Teacher introduction to this resource kit

Aerial view of Bonegilla

This resource kit

  • uses Trove for big scale newspaper searches and analysis of newspaper/magazine articles;
  • uses the National Archives of Australia Record Search for access to files including what were secret security agency reports;
  • guides exploration of the NSW Migrant Heritage Centre site ‘Belongings’, to investigate 13 eye-witness stories from migrants and refugees who came to Australia via Bonegilla.

Together the walkthrough and the kit provides a virtual site visit as required in the Australian Curriculum History for the middle secondary school years.  The learning materials provide an ‘inquiry-based examination of an historically significant location’, addressing the concepts, skills, outcomes and content specified in the curriculum, giving a great deal of attention to identifying and evaluating a variety of sources in the historical inquiry process.

The authors have taken particular note of the curriculum statement that:

Site studies enable students to understand their historical environment and participate actively in historical inquiry. They can offer a means of interpreting the past and/or recognising how human occupation and use of the site has changed over time. Such an approach can lead to an understanding of the historical context in which changes have occurred. The enjoyable experience of active engagement in the past helps to create and nurture a lifelong interest in history.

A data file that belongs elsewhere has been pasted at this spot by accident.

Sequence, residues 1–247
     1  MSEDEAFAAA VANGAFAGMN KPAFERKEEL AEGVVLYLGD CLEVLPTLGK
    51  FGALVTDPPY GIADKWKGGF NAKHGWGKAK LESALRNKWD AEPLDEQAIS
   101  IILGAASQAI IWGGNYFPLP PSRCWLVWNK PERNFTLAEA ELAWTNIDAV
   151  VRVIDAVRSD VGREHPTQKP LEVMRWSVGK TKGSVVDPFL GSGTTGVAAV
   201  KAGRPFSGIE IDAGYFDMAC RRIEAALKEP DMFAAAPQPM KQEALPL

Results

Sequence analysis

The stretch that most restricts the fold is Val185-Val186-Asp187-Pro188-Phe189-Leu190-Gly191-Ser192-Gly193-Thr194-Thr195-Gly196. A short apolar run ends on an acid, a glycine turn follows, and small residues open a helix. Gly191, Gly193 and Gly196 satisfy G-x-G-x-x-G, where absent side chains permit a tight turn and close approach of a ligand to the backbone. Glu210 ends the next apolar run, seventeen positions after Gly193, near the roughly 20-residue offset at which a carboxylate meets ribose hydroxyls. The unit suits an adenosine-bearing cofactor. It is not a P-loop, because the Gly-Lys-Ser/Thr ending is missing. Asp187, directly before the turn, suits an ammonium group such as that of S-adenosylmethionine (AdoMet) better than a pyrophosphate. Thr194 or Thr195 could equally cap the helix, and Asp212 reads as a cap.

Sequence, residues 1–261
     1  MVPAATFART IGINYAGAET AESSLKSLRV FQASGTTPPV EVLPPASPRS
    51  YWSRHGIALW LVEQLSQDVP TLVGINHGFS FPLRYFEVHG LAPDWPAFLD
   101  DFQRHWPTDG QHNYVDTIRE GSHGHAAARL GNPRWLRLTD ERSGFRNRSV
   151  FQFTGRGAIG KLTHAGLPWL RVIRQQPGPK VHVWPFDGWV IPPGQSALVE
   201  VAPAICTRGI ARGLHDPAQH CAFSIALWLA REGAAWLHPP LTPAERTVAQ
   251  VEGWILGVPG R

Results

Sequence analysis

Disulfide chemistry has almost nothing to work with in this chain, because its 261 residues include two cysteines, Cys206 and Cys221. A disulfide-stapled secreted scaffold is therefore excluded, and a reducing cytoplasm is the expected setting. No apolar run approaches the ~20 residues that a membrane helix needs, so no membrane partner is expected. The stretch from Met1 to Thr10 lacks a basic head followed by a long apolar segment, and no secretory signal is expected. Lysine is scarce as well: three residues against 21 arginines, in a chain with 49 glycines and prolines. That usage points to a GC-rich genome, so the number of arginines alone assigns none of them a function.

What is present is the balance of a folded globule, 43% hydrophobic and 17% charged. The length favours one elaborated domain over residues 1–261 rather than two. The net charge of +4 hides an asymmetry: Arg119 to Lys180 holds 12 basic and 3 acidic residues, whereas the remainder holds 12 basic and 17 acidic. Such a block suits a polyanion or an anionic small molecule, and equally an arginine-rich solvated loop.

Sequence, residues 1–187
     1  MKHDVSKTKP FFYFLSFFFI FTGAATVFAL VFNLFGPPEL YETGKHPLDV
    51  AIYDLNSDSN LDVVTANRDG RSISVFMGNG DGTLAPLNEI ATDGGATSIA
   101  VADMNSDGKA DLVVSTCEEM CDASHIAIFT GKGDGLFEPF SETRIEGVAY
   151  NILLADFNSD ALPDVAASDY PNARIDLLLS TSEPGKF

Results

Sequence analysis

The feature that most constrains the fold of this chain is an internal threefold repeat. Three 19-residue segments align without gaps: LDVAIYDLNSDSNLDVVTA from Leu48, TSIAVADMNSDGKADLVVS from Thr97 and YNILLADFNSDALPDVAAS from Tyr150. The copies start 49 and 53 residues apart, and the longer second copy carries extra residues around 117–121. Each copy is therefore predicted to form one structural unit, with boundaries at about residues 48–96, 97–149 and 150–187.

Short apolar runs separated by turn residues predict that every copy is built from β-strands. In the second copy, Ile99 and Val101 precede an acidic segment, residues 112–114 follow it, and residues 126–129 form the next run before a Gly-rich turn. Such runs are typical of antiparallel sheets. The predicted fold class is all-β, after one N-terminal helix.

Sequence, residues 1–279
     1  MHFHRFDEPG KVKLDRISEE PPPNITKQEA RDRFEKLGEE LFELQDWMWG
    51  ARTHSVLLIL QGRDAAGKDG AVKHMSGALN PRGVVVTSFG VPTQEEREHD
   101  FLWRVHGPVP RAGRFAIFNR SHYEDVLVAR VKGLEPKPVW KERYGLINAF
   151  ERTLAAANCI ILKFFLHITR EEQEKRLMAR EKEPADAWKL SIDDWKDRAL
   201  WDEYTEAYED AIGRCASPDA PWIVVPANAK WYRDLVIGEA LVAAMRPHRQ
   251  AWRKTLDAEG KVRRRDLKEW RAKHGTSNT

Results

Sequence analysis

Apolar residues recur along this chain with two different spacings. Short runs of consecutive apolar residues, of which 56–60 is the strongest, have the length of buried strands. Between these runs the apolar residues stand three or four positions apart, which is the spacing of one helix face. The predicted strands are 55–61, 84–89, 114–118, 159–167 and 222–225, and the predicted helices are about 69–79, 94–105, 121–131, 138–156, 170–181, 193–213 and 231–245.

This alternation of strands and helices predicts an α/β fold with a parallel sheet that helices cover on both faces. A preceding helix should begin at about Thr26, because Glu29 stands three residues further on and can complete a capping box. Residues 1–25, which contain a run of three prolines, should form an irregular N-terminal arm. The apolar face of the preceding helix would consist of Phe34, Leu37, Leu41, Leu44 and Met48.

The authors been guided by the rationale for history expressed in the curriculum:

History is much more than the simple presentation of facts and dates from the past. History provides the skills for students to answer the question 'How do we know?' An investigation of an historical issue through a range of sources can stimulate curiosity and develop problem-solving, research and critical thinking skills. Students learn to critically analyse and interpret sources of evidence in order to construct reasoned explanations and a rational and informed argument based on evidence, drawn from the remains of the past. Students engage in research involving traditional methods and ICT, including evaluating web-based sources and using a range of technologies for historical research and communication.

The authors have explicitly provided opportunities for students

  • to develop a critical understanding of the past and its impact on the present, to develop the critical skills of historical inquiry and to enable students to participate as active, informed and responsible citizens; and
  • to become aware that history is all around us and that historical information may be drawn from the physical remains of the past as well as written, visual and oral sources of evidence.

Like other historical inquiries, the learning materials consistently ask ‘how do we know?’ and ‘how do we find out?’ Like other visitor guides they ask ‘why visit this place?’